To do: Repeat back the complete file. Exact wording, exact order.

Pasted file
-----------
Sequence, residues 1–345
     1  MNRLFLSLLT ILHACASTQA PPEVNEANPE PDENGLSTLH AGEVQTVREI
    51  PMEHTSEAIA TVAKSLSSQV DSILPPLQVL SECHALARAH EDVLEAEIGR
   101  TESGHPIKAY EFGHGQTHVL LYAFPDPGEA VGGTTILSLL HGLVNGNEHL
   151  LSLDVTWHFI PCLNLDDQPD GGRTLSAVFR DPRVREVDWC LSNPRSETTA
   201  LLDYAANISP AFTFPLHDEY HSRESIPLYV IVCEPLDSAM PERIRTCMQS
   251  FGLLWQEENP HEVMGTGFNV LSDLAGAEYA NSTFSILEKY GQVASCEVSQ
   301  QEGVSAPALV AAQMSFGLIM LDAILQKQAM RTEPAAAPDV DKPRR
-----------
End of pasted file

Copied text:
Sequence, residues 1–345
     1  MNRLFLSLLT ILHACASTQA PPEVNEANPE PDENGLSTLH AGEVQTVREI
    51  PMEHTSEAIA TVAKSLSSQV DSILPPLQVL SECHALARAH EDVLEAEIGR
   101  TESGHPIKAY EFGHGQTHVL LYAFPDPGEA VGGTTILSLL HGLVNGNEHL
   151  LSLDVTWHFI PCLNLDDQPD GGRTLSAVFR DPRVREVDWC LSNPRSETTA
   201  LLDYAANISP AFTFPLHDEY HSRESIPLYV IVCEPLDSAM PERIRTCMQS
   251  FGLLWQEENP HEVMGTGFNV LSDLAGAEYA NSTFSILEKY GQVASCEVSQ
   301  QEGVSAPALV AAQMSFGLIM LDAILQKQAM RTEPAAAPDV DKPRR